You might not sit on the floor very often, but, according to new research, you might want to start! Studies have shown that doing so might boost your life expectancy.
Dan Buettner, founder of Blue Zones, an organization that investigates the world’s longest-living people, shared an anecdotal story about the health benefits of sitting on the floor with Well + Good.
Buettner met the world’s longest-living woman in Okinawa, Japan, and saw her continually get up and down from the floor, which he linked to her longevity. Sitting on the floor is much more common in the East, but it might be worth trying in the West, too, and not just because of Buettner’s anecdote.
A 2012 study found that those who were unable or struggled to rise from a seated position on the floor had a higher mortality rate than those who could. According to the study’s lead scientists, the link between longevity and movement comes down to aerobic exercise. Continuing to move the body, stretch the muscles, and maintain coordination all have a positive impact on life expectancy.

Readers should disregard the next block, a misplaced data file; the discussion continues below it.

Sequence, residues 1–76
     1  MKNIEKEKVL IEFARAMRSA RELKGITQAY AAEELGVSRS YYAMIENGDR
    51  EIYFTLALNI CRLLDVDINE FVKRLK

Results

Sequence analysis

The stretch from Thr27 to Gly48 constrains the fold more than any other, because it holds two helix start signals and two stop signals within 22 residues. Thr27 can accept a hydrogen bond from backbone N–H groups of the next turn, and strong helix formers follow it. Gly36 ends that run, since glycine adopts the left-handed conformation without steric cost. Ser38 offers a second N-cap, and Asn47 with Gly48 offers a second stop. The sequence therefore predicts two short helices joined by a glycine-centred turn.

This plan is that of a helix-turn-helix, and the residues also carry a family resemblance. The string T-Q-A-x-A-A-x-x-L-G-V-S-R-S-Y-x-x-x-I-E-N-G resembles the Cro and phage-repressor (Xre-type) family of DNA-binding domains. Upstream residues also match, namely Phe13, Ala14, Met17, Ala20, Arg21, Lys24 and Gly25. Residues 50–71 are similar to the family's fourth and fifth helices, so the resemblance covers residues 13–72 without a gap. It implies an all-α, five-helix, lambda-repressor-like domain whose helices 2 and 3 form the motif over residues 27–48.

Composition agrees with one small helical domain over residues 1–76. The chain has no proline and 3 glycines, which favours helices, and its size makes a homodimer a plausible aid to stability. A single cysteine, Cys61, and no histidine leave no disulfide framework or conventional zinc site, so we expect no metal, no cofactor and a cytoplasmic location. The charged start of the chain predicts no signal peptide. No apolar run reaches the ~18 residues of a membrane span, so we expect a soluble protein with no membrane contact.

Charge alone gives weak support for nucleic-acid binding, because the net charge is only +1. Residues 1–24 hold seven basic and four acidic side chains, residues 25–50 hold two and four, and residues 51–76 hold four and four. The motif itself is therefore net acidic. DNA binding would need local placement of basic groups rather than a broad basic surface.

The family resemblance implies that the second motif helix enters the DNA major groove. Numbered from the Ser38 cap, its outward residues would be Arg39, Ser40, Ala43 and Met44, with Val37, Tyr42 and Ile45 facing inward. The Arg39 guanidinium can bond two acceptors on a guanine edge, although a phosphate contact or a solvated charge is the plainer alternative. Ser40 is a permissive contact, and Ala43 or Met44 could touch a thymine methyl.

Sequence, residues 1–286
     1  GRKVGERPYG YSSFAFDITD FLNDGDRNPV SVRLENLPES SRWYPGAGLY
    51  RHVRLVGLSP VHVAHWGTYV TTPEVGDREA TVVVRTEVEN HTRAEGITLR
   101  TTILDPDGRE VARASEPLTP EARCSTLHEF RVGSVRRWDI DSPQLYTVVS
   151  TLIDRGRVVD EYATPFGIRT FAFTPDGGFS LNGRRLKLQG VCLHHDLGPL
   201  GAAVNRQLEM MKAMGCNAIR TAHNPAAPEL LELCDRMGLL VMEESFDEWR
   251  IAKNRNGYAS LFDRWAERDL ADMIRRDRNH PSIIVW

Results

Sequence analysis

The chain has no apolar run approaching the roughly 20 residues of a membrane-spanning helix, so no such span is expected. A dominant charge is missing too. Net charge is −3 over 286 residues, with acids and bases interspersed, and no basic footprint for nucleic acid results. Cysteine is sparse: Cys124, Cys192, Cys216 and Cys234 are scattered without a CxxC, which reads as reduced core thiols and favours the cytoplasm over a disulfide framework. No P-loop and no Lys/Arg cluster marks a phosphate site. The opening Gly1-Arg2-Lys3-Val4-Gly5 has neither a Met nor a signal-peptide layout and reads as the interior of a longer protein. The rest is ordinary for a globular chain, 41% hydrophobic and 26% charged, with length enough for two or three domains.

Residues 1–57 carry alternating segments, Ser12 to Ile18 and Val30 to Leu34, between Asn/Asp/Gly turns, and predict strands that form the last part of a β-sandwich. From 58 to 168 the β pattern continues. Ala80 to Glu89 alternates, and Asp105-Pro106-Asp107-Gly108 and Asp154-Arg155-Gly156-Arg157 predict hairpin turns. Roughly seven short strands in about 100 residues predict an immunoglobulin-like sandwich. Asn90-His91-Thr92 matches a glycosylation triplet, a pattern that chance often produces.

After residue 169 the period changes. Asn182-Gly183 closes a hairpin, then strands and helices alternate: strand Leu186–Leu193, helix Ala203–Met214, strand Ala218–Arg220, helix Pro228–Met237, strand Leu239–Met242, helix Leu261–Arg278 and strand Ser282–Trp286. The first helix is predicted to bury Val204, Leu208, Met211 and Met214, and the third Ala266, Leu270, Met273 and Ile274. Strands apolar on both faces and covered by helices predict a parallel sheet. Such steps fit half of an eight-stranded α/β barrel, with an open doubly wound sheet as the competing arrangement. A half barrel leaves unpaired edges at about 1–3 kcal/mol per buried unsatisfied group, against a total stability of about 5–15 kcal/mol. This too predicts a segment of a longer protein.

Lauren Roxburgh, a body alignment specialist, said while you don’t have to sit on the floor all day, doing so periodically is “a great way to boost circulation, blood flow, and energy, increase flexibility and range of motion, and create space and build some deeper awareness of your body while helping you feel grounded.”
If you want to work on improving your flexibility so you can sit on the floor, yoga is a fantastic place to start.
[Via Well + Good]